Water Sings Blue: Ocean Poems
Chronicle Books, 2012.

Ages 4-11

The finely tuned observation in both the poetry and illustrations of Water Sings Blue draws young readers into that world of the shoreline where time just seems to disappear and exploration offers up endless possibilities for discovery.  Kate Coombs’ poems are satisfyingly memorable, with their cohesive patterns of meter and rhyme that, nevertheless, contain plenty of surprises – like, for example, the alliteration and internal rhyming at the end of “Sand’s Story”, in which mighty rocks have turned to sand:

Now we grind and we grumble,
humbled and grave,
at the touch of our breaker
and maker, the wave.

… Not to mention the witty pun on “breaker”: and the gentle wit of Coomb’s verse also lights the imagination throughout this collection.

Turning the pages, readers encounter a vast array of sea characters, starting in the air with the seagull; then listening to “What the Waves Say” before diving down to meet the creatures of the deep: like the shy octopus author (think ink…), or the beautiful but self-absorbed fish whose tail and fins act as brushes, and who concludes his/her soliloquy with the wonderfully evocative: “I’m a water artist. / You wouldn’t understand.”  As well as creatures like sharks and jellyfish, there are poems about fascinating, less well-known fish – “Oarfish”, “Gulper Eel” and “Nudibranch”: they could become a follow-up project by themselves!  There’s also a deep-sea shipwreck, and back on the sea shore, a gnarled “Old Driftwood” telling stories “to all the attentive / astonished twigs”, and a property agent hermit crab with a salesman’s patter.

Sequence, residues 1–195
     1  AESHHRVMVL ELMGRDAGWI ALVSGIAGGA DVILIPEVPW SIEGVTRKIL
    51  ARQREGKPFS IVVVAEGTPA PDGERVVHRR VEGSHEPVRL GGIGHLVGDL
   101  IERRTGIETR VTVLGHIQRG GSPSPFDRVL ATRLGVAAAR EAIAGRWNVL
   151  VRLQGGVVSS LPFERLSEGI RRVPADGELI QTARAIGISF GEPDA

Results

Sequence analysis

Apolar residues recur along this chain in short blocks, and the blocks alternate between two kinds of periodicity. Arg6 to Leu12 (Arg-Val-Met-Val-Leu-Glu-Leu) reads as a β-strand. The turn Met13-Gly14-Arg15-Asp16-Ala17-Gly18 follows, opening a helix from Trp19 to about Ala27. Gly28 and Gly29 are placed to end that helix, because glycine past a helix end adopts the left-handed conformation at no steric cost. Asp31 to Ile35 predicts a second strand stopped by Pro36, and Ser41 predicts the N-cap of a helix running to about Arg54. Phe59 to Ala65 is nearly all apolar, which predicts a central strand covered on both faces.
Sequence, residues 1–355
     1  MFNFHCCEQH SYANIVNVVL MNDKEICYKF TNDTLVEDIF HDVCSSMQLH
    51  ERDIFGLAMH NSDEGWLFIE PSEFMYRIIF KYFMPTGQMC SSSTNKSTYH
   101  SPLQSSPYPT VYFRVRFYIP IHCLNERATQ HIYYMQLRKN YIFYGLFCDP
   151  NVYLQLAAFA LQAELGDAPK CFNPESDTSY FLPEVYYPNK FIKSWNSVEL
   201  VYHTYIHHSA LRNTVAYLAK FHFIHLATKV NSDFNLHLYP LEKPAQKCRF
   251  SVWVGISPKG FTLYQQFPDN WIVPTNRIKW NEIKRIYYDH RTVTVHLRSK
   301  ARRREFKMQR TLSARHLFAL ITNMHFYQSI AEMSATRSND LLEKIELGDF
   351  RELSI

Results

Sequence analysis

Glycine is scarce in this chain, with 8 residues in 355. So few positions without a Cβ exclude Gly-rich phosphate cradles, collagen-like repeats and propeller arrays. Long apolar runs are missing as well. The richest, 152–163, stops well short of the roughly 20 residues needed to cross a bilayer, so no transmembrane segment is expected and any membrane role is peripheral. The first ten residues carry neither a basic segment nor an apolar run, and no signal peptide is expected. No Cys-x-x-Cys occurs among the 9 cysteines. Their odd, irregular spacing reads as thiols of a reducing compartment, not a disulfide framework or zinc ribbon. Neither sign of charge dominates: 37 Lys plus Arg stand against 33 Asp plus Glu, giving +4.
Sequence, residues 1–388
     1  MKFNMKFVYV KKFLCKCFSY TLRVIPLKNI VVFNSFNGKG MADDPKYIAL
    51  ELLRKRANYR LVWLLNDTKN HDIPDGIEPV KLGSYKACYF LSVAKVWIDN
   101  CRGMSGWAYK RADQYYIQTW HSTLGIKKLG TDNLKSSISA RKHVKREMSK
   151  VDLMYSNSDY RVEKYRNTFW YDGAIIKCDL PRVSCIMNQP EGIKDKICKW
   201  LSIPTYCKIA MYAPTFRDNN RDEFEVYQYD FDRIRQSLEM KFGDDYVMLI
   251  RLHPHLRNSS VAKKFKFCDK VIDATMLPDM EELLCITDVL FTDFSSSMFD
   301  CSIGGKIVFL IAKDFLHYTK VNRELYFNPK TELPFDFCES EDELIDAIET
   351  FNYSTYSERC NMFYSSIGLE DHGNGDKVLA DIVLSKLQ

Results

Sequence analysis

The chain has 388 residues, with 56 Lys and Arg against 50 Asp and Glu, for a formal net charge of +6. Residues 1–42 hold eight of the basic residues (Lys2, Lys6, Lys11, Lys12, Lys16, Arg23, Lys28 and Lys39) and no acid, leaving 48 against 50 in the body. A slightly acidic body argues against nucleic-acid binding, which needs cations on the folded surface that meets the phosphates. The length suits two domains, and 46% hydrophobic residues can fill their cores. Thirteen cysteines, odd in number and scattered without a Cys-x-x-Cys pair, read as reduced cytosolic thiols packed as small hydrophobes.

Bringing all the poems together in a visual feast are Meilo So’s gorgeous watercolors.  As well as her depiction of jewel-colored corals and waves in every shade of blue imaginable, her illustrations are clearly also influenced by direct observation of the shoreline around her Shetland Isle home, from fishermen’s cottages to diving gannets.

Just like in real beachcombing, young readers will lose track of time as they pore over So’s seashores for

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20. New on the PaperTigers site…

Continuing our Water in Multicultural Children’s Literature theme, we have two new features on the PaperTigers website.